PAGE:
France, 1807-1876




(In the Odalisque manner)

Pencil on Paper

Apparently Unsigned



Narcisse Virgile Diaz de la Peña was the leading painter of the Barbizon landscape school. Among his favorite

early subjects were Odalisques, bathers, erotic mythologies, and sentimental idylls - inspired by the poetry of Victor Hugo

and Near Eastern paintings of Eugene Delacroix.  The Odalisque is a subject matter throughout the 19th and early 20th

centuries, from Ingres (Odalisque - 1814, Odalisque and Slave - 1839), each Renoir (1870) and Matisse (1924-5)

painting an Odalisque, to Manet's Olympia (1863).  Even Picasso painted his own Odalisque in 1951.  In a sense, this small

untitled drawing seems something of a mirror to Olympia, the reclining female accompanied by a servant, holding possibly a

small turbaned child -- or flowers -- although it was executed some years earlier than Olympia.  De la Peña's interpretation is

quite sensual, although retaining a delicacy and mystery not found in some of the other more provocative Odalisque depictions. 

It is interesting to note that his romantic Near Eastern images came from his imagination, as he lost a leg to snake-bite at age 13,

and was unable to travel.


Image Size : 3.35" High x 5.7" Long







Please click below for other related works:


Jules Pascin

Robert Henri

Edmund C. Tarbell

Gustave Madelain



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Narcisse Virgile Diaz de la Peña : Biographical Information


Narcisse Virgile Diaz de la Peña was the leading painter of the Barbizon landscape school. The son of Spanish parents,

who had fled the Peninsular Wars, he grew up in foster care at Meudon after their early deaths. At thirteen, an infection

caused by an insect sting or snake bite, necessitated the amputation of his left leg. In 1823, he began an apprenticeship in

painting on porcelain at a china factory in Paris, where he met Jules Dupré (1811-1889), who became his lifelong friend.  In the

late 1820's he was briefly tutored by the history painter François Souchon (1787-1857), copying the masters at the Louvre and

supporting himself by the sale of his own small paintings. He was further inspired by the poetry of Victor Hugo and the Near Eastern

themes painted by Eugene Delacroix. As he was unable to travel, these jewel-like images were the products of his imagination.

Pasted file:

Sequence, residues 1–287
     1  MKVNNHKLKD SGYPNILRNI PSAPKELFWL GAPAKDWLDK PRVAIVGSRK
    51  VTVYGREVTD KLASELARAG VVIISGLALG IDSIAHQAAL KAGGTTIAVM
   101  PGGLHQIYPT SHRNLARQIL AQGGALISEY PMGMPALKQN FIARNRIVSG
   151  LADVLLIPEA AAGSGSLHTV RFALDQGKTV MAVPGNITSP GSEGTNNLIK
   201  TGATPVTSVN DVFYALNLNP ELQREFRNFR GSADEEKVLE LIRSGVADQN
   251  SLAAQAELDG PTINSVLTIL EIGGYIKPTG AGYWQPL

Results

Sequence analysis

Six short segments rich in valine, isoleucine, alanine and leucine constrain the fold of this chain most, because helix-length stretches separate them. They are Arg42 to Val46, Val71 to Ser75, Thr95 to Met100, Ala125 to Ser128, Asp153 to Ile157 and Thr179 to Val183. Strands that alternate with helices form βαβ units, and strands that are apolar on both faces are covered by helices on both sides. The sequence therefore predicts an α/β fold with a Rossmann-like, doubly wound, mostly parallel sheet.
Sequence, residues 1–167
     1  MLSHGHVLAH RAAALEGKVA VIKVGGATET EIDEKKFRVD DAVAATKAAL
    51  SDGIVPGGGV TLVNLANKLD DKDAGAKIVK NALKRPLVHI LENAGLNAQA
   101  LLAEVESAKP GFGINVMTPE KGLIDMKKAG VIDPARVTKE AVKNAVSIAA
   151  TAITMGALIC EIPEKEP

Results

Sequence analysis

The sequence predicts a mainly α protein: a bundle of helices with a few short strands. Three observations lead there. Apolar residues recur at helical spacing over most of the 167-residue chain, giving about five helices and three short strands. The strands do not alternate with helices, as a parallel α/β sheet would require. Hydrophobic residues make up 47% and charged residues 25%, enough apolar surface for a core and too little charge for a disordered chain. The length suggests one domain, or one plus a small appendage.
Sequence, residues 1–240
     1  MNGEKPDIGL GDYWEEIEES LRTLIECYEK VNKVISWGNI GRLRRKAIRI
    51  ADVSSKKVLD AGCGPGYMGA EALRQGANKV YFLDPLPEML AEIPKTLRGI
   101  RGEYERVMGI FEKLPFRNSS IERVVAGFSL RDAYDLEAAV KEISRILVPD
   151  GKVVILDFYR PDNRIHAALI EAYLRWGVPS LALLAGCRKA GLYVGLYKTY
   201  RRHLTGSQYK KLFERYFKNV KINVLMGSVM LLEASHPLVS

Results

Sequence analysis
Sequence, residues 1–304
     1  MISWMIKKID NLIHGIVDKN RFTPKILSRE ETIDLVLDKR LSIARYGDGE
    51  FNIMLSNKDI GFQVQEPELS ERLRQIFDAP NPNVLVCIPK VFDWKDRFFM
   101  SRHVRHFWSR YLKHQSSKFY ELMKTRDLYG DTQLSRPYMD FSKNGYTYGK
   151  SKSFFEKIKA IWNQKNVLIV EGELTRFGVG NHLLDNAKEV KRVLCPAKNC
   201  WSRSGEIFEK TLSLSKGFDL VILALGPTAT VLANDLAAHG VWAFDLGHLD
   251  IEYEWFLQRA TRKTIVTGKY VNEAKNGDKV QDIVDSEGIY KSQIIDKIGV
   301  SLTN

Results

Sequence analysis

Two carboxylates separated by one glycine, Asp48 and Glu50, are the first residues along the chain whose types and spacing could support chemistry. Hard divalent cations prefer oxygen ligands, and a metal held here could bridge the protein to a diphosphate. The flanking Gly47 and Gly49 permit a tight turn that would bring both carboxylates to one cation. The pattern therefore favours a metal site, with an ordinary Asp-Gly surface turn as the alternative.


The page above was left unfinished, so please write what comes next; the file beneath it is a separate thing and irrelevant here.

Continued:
His early work consisted of  not only pastiches of romantic "fancy pictures"-- odalisques, bathers, erotic mythologies, sentimental idylls --

but exquisite floral paintings. 


From about 1833, he began to explore the forest of Fontainebleau, becoming a regular summer visitor in the following years. 

There he prolifically painted small studies of the forest with the same speed and fluency as his earlier floral and romantic idylls.

He formed a close association with Théodore Rousseau (1812-1867), and the other landscape painters of what became

known as the Barbizon School.  Awarded a first-class medal at the Salon of 1848, he was appointed chevalier of the Legion of

Honor in 1851. His paintings commanded higher prices than those of Corot, Rousseau, or Millet, although the critics were

reserved in their judgment of his work, admiring its "colorism" while considering it rather superficial. After 1859 Diaz

ceased to exhibit at the Salon. Painters of a "new generation" - Claude Monet (1840-1926), Pierre-Auguste Renoir (1841-1919),

and Alfred Sisley (1839-1899) - encountered in the forest of Fontainebleau in 1864, received his warm encouragement. At Etretat,

where he summered in 1869, he painted seascapes in the company of Gustave Courbet. During the Franco-Prussian War of

1870-1871, he sought refuge in Brussels. He died in 1876, aged sixty-eight, at the Mediterranean resort of Mentone.



Partial Listing of Museums for Narcisse Virgile Diaz de la Peña:


Dallas Museum of Art, Texas
Detroit Institute of Arts, Michigan
Fine Arts Museums of San Francisco
Fitzwilliam Museum at the University of Cambridge, UK
Hermitage Museum, Saint Petersburg, Russia
Louvre Museum, Paris
Metropolitan Museum of Art, New York City  
Minneapolis Institute of Arts

Musee d'Art Roger-Quilliot, Clermont-Ferrand, France
Musée d'Orsay, Paris
Museum of Fine Arts, Boston  
National Gallery of Art, Washington D.C.
National Gallery, London, UK   
Norton Simon Museum, Pasadena, California
Rijksmuseum, Amsterdam 
Art Gallery of Greater Victoria, British Columbia
Brooklyn Museum, New York City  
Canton Museum of Art, Ohio
Chi-Mei Museum, Taiwan
Cleveland Museum of Art, Ohio
Courtauld Institute of Art, London, UK
Currier Gallery of Art, New Hampshire
Finnish National Gallery Art Collections, Helsinki, Finland  
Five College Museums Collections, Massachusetts
Frye Art Museum, Seattle
Los Angeles County Museum of Art
Mildred Lane Kemper Art Museum, St. Louis, Missouri
Mohamed Mahmoud Khalil and Wife Museum, Egypt
Montana Museum of Art and Culture, Missoula
Musée des Beaux-Arts de Bordeaux, France
National Gallery of Armenia, Yerevan, Armenia
National Gallery of Victoria, Australia
National Museums and Galleries of Wales
New Art Gallery, Walsall, England
Oglethorpe University Museum, Georgia
Österreichische Galerie Belvedere, Vienna
Philadelphia Museum of Art
Saint Louis Art Museum, Missouri
The Wallace Collection, London, UK
The Walters Art Museum, Maryland   
Victoria and Albert Museum, London, UK



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